Finally hitting the Roussillon

It’s been nearly 20 years since I became a wine merchant and in that time I’ve managed to stumble up and down France a dozen or so times. But there has always been one corner of that vine-ridden nation that had until recently eluded me. Like many of my peers the Roussillon was not high on my list of regions to investigate; its wines are outdated little known and rarely inquired about by customers. So why go? Curiosity I suppose and a lingering notion that the Roussillon like so many other obscure regions could possibly have something more to offer than meets the eye.

The Roussillon was incorporated into France from Spain in 1659 but the spirit today remains distinctly Catalan as you are often reminded by the images of bulls and burros plastered on the wall and the yellow and red graffiti — meant to resemble the Catalan flag — on nearly every road sign. Listen closely to the locals and you will here a dialect that is neither French nor Spanish but distinctly their own spoken proudly in honor of their past. You may be in France according to the map but the music food and culture all point to Spain.

The land itself could not be more beautiful or perfectly suited to the vine. Enormous mountains spring suddenly from endless secluded beaches offering breathtaking views of the Mediterranean from every vista. Yet much like the wines this land is largely ignored by European tourists and remains a distinctly local indulgence.

The wines of the Roussillon are predominately sweet known locally as Vins Doux Naturels or fortified sweet wines. These range from deep golden whites to rich dark reds reminiscent of fine vintage Port. The most famous are Banyuls Maury and Muscat de Rivesaltes. Sadly this style of wine has waned in worldwide popularity and is appreciated by too few today. While I do hold a soft spot for these styles of wine my search was geared towards the equally abstract dry wines. The two best-known dry wines come from the broad based Côtes-du-Roussillon region and more interestingly the vibrant village of Collioure.

Collioure is a tiny picture-perfect village on the Mediterranean that has found a place in artist hearts for centuries. It’s flanked by a large Templar castle and overlooked by carefully terraced vines that reach all the way down to the sea. Mourvèdre Grenache (red white and gris) and Carignan are the local grapes and they cling carefully to the slowly decaying schist soils that play a key role in maintaining the high quality. Fine examples of red white and rosé are all crafted here from these wind-driven salt licked vines.

After a day spent on the idyllic beach it’s hard to resist the call of the vines and wander up into the hills to explore the many family-run estates. The locals are warm and welcoming and burst with pride as they pour you glass after glass of their distinguished wines.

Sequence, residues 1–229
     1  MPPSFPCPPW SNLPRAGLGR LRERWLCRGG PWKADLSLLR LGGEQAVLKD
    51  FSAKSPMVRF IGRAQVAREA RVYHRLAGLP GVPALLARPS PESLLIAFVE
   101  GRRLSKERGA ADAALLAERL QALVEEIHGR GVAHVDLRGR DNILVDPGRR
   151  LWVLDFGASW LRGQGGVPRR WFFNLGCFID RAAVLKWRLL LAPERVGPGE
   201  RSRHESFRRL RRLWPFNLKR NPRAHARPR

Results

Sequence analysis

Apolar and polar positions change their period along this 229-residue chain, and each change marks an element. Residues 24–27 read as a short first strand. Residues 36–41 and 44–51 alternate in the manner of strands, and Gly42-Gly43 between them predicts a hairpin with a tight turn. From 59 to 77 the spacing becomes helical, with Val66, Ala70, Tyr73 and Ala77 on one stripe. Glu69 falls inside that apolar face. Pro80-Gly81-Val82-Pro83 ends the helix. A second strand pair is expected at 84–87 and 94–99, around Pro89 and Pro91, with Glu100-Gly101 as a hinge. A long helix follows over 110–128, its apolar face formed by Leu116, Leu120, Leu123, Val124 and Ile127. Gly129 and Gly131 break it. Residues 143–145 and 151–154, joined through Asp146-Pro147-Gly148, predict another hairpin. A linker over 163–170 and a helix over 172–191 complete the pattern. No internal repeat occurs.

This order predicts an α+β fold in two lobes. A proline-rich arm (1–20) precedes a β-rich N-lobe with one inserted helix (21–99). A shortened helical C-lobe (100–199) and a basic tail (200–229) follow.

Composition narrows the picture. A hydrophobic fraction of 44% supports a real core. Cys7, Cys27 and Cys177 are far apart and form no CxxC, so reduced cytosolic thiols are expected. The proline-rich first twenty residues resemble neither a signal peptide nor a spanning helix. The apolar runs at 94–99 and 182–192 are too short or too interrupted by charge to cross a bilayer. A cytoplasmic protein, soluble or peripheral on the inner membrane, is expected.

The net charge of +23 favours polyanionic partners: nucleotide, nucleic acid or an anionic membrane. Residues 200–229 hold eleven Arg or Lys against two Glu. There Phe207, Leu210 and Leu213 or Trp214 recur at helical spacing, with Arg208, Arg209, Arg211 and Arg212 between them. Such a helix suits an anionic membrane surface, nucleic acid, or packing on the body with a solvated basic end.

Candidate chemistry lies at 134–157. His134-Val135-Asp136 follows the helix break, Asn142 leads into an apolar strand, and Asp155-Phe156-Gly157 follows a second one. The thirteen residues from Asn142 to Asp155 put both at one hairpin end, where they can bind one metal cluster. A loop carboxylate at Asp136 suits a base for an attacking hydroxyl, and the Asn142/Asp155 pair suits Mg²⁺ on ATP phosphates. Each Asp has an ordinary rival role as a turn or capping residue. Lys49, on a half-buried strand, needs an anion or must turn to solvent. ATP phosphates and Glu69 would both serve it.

The whites here are floral and rich with perfumed scents of acacia and ripe peach. Rosé hits an unusually high quality here; the wines carry added depth and spice at once refreshing powerful and delicate providing perfect foil for the wonderful seafood on offer. While the reds can be brooding and tannic the best are immediately appealing with exotic spices and admirable structure.

If you’re as compelled as I was to discover these fascinating wines there are a few places in Calgary you can uncover them. No surprise that Metrovino has the best selection this French-centric wine shop on 11th Avenue S.W. is a well-trodden hunting ground for obscure French wines (even the sweet wines are available here).

Available at Specialty stores:

• 2008 Chateau Dona Baissas Cotes du Roussillon Villages — pipe tobacco plums dark cherries lingering spices warm personality.

• 2008 Domaine de la Chique Cotes du Roussillon — wild herbs black olives and ripe cherries linger on a soft unctuous palate

MetroVino only:

• 2011 Domaine Pouderoux “Latour de Grés” Côtes du Roussillon Villages — Ninety per cent Carignan from a vineyard that’s a few years away from its 100th birthday. All of the sweetness of the Maury manifests itself as richness and minerality here.

• 2008 Domaine du Traginer “Cuvée d’Octobre” Collioure — Classic resonating Mediterranean rage.

• 2011 Jean-Philippe Padie “Petit Taureau” Côtes du Roussillon — Quirky juicy aromatic Carignan.

• 2011 Domaine Pouderoux “Vendange” Maury — All black fruit and licorice.

• 2010 Domaine Traginer “Rimage” Banyuls — The thinking man’s vin doux naturel.

• n/v Domaine Madeloc “Robert Pages” Banyuls — Big juicy oxidized ripper.

• n/v Domaine Pouderoux “Hors d’Age” Maury — Nuanced and delicacte more meditative than festive.